In the same paper there was a fuller obituary of another remarkable World War II veteran, John Gunn. The paper printed a fantastic pre-war portrait of him in his regimentals, but this unfortunately doesn\'t seem to be available online. I was unsuccessful with a brief search to find out more about the action in which Gunn won his Military Cross commanding tanks of the Scots Greys “in the Low Countries” towards the end of the war. The citation stated, “Four POWs were captured who declared that the enemy had withdrawn on hearing the approach of tanks over such an unexpected route to a position of such advantage, and our infantry advanced and occupied their objectives. By his determined action over extremely difficult country and under heavy fire Captain Gunn enabled our infantry to occupy their objectives with the minimum of loss and reorganise their new position secure from counter-attack which might have proved serious"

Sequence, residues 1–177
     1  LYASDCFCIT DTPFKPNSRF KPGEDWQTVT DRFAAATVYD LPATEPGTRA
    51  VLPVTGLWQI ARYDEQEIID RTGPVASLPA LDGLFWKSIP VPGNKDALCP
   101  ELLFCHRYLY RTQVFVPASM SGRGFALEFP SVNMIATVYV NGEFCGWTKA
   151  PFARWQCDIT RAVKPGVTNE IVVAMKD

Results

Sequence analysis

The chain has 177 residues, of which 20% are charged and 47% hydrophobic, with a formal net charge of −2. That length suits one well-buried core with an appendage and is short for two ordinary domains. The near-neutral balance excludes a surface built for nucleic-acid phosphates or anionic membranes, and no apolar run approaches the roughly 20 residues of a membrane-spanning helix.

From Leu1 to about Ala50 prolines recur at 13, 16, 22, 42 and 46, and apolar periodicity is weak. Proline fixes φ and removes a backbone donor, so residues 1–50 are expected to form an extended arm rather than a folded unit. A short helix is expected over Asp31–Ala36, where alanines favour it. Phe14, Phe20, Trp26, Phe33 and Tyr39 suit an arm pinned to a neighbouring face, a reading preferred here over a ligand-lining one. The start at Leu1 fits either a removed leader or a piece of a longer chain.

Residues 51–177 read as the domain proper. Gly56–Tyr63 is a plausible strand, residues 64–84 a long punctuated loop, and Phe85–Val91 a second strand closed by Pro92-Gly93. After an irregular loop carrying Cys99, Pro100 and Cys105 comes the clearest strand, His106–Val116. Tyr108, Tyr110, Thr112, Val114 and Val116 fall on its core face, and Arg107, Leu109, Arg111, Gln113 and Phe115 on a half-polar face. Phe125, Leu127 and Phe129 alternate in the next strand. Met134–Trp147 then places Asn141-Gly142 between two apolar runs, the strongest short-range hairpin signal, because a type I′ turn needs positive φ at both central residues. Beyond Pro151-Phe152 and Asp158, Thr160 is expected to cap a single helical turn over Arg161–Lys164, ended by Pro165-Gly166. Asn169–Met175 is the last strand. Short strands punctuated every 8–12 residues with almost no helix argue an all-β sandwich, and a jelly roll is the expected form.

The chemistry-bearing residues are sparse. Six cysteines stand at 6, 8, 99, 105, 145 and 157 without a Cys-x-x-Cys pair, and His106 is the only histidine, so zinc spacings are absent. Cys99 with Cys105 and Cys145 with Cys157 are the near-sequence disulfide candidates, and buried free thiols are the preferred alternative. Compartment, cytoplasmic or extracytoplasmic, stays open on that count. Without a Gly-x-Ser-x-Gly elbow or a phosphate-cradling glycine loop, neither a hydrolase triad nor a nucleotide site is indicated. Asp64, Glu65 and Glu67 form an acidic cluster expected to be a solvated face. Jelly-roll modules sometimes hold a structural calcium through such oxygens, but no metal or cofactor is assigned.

However the search did turn up another John Gunn, who died in November 2008. http://www.telegraph.co.uk/news/obituaries/1506486/Colonel-John-Gunn.html
This obituary has rather more action in it! For example, “Every attempt made by Gunn's company to erect wire to strengthen their position was met by a hail of accurately thrown grenades. Most of these fell on his forward platoon, and three times in an hour all the men in the trench nearest the Japanese were hit and had to be replaced. Gunn kept the situation under control, hurling grenades himself and, on one occasion, fending off with his arm a grenade that would have fallen into a trench full of his men. Eventually, he was hit in the stomach by a grenade and fell, severely wounded for the fifth time”.
Indeed, the greatest generation!